Journal of Biomedical Science

, Volume 8, Issue 3, pp 278–289 | Cite as

Purification of Moloney murine leukemia virus chromatin from infected cells by an affinity method

  • Steven W. Granger
  • Hung Fan
Original Paper

Abstract

Our goal was to develop a system to study proteins that associate in vivo with the Moloney murine leukemia virus (M-MuLV) enhancer elements by the isolation of intact proviral chromatin. The M-MuLV long terminal repeats (LTRs) contain tandemly repeated transcriptional enhancer sequences consisting of smaller motifs that bind cellular DNA-binding proteins implicated in transcriptional regulation. The M-MuLV enhancers are also important for disease specificity and latency of disease induction. To enrich for proviral chromatin containing M-MuLV LTR sequences, an affinity purification scheme was employed that relies on the affinity of bacterial Lac repressor protein for Lac operator (LacO) DNA sequences. An infectious M-MuLV recombinant was constructed that contains bacterial LacO sequences inserted into a nonessential region downstream from the 5′ LTR of the virus (M-MuLV-LacO). Nuclei from M-MuLV-LacO-infected cells were digested withPvull (which will liberate an LTR fragment containing LacO sequences), and digested chromatin was leached from the nuclei in hypotonic buffer. M-MuLV-LacO chromatin was then recovered by binding to an affinity matrix consisting of a β-galactosidase-Lac repressor fusion protein anchored to acrylamide beads by an anti-β-galactosidase monoclonal antibody [7]. Specifically bound chromatin was eluted under physiological conditions by incubation with the galactose analog isopropyl-β-D-thiogalactopyranoside. Southern blot analysis confirmed the specific enrichment of M-MuLV proviral chromatin by this method.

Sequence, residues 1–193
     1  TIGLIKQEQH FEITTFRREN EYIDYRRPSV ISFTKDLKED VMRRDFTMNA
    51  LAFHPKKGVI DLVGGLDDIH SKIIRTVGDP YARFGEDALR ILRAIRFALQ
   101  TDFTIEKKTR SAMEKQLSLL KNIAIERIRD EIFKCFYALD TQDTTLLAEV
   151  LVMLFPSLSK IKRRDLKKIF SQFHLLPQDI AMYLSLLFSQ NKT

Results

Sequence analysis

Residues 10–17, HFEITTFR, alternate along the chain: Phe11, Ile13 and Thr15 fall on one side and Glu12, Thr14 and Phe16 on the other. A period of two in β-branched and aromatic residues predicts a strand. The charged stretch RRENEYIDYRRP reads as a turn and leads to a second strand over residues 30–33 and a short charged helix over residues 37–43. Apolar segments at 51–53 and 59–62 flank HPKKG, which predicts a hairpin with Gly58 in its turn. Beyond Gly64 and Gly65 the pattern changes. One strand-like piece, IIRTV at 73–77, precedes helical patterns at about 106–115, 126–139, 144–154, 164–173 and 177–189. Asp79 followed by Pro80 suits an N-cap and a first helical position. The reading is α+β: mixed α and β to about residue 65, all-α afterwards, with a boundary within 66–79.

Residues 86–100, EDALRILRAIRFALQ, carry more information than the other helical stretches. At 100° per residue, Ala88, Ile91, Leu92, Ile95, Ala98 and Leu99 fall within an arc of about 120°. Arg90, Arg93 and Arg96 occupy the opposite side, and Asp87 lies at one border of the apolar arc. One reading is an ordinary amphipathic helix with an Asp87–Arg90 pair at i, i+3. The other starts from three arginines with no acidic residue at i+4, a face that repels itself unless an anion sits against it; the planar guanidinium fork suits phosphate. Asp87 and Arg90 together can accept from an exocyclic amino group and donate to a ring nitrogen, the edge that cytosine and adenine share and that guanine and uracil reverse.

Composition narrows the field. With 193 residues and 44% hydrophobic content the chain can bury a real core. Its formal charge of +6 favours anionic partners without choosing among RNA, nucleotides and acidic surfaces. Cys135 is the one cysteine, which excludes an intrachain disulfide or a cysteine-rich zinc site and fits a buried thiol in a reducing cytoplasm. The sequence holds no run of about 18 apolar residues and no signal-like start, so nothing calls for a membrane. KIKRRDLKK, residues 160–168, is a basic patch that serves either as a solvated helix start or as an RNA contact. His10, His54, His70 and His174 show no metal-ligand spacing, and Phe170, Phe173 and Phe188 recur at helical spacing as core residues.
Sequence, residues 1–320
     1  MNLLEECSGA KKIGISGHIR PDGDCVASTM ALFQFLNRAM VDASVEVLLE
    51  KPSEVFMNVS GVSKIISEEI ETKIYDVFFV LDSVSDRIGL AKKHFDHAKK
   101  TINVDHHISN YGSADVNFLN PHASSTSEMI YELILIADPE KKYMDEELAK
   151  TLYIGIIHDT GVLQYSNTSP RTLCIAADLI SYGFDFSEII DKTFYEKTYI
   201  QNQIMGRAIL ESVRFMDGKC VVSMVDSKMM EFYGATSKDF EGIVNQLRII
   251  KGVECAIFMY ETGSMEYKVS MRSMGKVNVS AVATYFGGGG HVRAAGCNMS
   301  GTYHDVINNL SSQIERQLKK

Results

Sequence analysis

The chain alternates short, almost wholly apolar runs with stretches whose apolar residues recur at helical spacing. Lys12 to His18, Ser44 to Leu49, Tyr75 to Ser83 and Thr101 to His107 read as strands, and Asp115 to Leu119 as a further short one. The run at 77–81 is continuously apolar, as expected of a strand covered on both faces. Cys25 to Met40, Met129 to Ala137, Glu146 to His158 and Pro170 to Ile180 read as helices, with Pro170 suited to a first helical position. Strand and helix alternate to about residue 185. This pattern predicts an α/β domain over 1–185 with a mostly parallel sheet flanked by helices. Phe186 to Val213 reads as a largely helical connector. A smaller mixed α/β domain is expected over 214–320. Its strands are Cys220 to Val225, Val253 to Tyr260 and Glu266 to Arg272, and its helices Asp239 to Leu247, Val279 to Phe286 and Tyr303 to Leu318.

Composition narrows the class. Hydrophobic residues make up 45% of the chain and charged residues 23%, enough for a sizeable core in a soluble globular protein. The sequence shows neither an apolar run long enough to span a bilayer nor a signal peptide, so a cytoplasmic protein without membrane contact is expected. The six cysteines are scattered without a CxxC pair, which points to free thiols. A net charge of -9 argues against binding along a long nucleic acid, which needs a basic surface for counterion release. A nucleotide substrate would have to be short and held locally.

Key Words

Moloney murine leukemia virus Proviral chromatin Long terminal repeat Lac operator 

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Copyright information

© National Science Council 2001

Authors and Affiliations

  • Steven W. Granger
    • 1
  • Hung Fan
    • 1
  1. 1.Hung Fan Department of Molecular Biology and Biochemistry Cancer Research InstituteUniversity of CaliforniaIrvineUSA

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